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Deported Mother from Oregon Makes New Life in Mexico Without Her Kids

When Liliana Ramos was deported to Mexico more than two years ago, her three children were left behind in Bend, Oregon. The Tapia children were left in the care of their undocumented grandmother and remain with her today.

Ramos moved to Tijuana, a city she had never lived in and where she knew no one.

‘I’m Here, Just Waiting For My Kids To Visit’

In her new life, Ramos has a routine that she follows every single day. 

“Every day, when I first wake up, I thank God for giving me another day,” she said. “I pray for my children — that all goes well for them, and I look at the weather. I look at the weather here and I look at the weather there.”

When the temperature in Bend recently dipped below zero, she sent text messages to each of her children, telling them to bundle up and keep warm.

Ramos has seen her children just a handful of times since she was deported in September 2011. She knows that parents of, say, college students in the U.S. may not see their children any more frequently. But, she says, that’s different. 

“Because I’m here, just waiting for my kids to visit. I can’t go to them,” she said.

‘These Are Mothers Who Can’t Sleep At Night’

Ramos received a deportation order in 2005 after her application for asylum was rejected. She ignored the order until immigration agents found her at work six years later. She was given nine months to leave the country. 

During that time, she found a room to rent in Tijuana through a contact at church. She got passports for her children so they could visit her. And she gave custody of her two youngest to her mother. 

As she carpooled to the border later that year, Ramos says her sense of loss overwhelmed her. 

“I remember the woman drove the whole way because I just wanted to sleep. There’s a sadness when you leave something behind,” she said.

That sadness was evident at a recent joyous-sounding Christmas celebration. Families split by deportation pressed up against either side of the border fence. They sang to each other through thick iron mesh. Some chatted quietly; others cried. 

Among those gathered was Mari Galvan, a social worker at a shelter in Tijuana that takes in deported women. 

“The majority of them arrive suffering emotional shock because they have just been separated from their children, and they don’t know what will happen or when they’ll see them again,” she said.

Galvan says many of the women lose their children to state custody in the U.S. when they are deported; others have time to find a relative or a friend to care for them. 

“These are mothers who can’t sleep at night. Because they don’t know if their relative is treating their kids well, or if the friend bathed their kids before putting them to bed or took them to school,” said Galvan. “They feel totally powerless knowing that no matter how much they love their children, they cannot return to where they are.”

These feelings enveloped Ramos when she arrived. She suffered from anxiety and depression. She developed intestinal problems, which persist today. 

Ramos says her faith in God has gotten her through, but it may also be her resilience and her savvy. She landed an accounting job at a fruit and vegetable distributor despite never having gone to high school and despite being 39 years old.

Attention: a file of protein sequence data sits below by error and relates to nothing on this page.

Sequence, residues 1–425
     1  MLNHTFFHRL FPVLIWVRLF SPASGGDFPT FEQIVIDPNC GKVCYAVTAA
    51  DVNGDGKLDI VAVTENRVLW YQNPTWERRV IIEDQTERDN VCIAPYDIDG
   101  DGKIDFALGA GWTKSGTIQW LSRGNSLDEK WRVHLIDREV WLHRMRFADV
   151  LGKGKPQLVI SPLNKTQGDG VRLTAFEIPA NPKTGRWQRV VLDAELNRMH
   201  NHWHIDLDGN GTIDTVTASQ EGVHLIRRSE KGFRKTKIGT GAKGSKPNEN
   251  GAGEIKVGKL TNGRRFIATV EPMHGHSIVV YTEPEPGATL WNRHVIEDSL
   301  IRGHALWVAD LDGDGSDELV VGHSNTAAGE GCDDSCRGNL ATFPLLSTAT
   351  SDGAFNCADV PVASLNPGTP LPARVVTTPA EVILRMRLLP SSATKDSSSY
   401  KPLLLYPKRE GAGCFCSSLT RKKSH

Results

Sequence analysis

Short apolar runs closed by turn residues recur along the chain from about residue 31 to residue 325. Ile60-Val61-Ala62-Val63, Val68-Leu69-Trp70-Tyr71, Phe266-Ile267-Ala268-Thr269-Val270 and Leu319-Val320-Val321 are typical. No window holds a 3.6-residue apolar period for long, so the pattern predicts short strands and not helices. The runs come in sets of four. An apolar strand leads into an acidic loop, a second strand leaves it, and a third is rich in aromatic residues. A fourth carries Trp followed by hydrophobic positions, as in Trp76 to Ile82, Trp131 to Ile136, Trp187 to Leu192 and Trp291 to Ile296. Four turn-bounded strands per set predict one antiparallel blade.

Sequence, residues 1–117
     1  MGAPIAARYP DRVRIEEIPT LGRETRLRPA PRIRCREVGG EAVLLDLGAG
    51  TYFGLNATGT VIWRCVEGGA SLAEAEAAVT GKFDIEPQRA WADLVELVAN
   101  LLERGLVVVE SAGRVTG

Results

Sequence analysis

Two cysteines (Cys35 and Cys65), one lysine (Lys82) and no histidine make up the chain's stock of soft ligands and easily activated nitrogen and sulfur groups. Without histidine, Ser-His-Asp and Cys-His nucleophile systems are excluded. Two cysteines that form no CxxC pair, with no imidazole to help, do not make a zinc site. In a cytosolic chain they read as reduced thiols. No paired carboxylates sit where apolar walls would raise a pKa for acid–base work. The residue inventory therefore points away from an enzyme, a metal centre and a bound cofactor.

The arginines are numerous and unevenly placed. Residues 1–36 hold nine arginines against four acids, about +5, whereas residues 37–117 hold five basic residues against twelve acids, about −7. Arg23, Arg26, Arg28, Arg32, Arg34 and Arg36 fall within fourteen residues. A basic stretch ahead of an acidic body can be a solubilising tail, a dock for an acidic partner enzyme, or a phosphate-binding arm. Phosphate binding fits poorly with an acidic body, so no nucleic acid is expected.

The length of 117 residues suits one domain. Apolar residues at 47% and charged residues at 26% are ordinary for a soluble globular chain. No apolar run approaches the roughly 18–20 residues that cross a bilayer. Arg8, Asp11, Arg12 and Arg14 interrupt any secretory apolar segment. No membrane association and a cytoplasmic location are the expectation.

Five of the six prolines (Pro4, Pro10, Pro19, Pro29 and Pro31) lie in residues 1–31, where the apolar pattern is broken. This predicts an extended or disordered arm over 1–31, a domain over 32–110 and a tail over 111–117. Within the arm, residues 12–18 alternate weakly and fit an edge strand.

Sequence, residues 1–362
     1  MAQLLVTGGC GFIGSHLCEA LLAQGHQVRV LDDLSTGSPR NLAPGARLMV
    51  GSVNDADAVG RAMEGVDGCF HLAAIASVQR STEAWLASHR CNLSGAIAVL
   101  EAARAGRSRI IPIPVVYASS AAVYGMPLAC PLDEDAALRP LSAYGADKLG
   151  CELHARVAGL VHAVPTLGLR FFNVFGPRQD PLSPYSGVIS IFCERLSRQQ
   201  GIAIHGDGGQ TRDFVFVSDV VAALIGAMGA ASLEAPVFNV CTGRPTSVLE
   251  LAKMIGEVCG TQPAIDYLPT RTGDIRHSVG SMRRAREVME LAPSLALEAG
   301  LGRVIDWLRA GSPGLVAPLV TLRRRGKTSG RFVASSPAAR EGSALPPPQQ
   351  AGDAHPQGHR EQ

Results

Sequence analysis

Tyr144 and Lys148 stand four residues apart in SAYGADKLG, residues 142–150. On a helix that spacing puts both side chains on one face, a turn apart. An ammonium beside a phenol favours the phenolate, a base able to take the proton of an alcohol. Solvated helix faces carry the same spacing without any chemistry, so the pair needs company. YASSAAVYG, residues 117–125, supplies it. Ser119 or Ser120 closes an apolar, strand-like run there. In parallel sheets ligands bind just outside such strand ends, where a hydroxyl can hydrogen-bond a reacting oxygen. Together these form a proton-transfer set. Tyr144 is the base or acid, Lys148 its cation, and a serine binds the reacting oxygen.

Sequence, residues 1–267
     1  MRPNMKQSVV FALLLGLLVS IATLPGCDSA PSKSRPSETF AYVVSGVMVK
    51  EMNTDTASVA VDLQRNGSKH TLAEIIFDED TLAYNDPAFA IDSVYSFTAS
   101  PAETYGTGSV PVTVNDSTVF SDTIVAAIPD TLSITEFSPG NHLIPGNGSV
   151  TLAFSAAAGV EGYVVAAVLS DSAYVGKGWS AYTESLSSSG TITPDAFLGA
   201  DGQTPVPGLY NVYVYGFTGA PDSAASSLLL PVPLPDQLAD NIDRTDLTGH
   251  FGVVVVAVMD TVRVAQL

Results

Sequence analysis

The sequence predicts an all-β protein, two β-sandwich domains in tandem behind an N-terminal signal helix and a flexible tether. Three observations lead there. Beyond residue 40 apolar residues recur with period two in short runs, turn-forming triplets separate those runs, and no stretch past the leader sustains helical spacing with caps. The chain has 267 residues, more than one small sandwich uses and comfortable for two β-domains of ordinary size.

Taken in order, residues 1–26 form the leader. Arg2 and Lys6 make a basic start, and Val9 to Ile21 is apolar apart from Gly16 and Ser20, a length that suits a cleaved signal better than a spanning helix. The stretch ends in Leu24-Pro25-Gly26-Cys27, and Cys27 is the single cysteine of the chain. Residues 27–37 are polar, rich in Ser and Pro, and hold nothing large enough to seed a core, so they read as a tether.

“If you’re older than 35 years old here, it’s really hard to get someone to hire you,” said Ramos.

It’s also hard to find a place to live that’s safe and affordable. But Ramos convinced a landlord to rent her a small home in a secure neighborhood for half the going rate. 

Ramos says she counts her blessings; she knows she’s the exception —not the rule — among deportees.

‘It Gives You Hope That One Day We’ll Be Together’

Twice a month, Ramos drives her old jeep with expired Oregon plates off the main road and into a cement canal just south of the U.S.-Mexico border.

On a recent Sunday morning, she and two of her children visiting from Oregon joined about a dozen Christian volunteers in feeding hundreds of homeless people, the majority of whom were also deported. 

As volunteers passed out steaming Styrofoam cups of pozole, Ramos carried a clipboard through the five long lines of men. She asked everyone their name, age and where they’re from. She asked if they’ve been deported, how long ago, whether they have children in the U.S. and if they’re in touch with their families.

During these meetings, if she has credit on her phone, she sometimes lets them use it to call relatives in the U.S. If they plan to cross the border again, Ramos warns them of the danger. 

“I tell them to try to make a life here in Tijuana. I tell them I was also deported, and my kids are in the U.S. They’re surprised. I think it has a strong impact on them because I’m a woman, and I’m alone,” she said.

Back at home on the same Sunday afternoon, though, Ramos was not alone. Her son, Brian, was upstairs in the guest bedroom, and her daughter, Karleen, sat, watching TV. Ramos says visits from her children give her strength. 

“It gives you hope that one day we’ll be together. And this is my hope,” she said. “Even if it’s not like before, because my kids are growing up. But at least we’ll be close to each other.”


Editor’s Note: Jordana Gustafson is a reporter for Oregon Public Broadcasting. She filed this two-part series as part of a fellowship with the Institute for Justice and Journalism. The first installment, which ran on Thursday, documented the lives of Liliana Ramos' children in Bend, Oregon.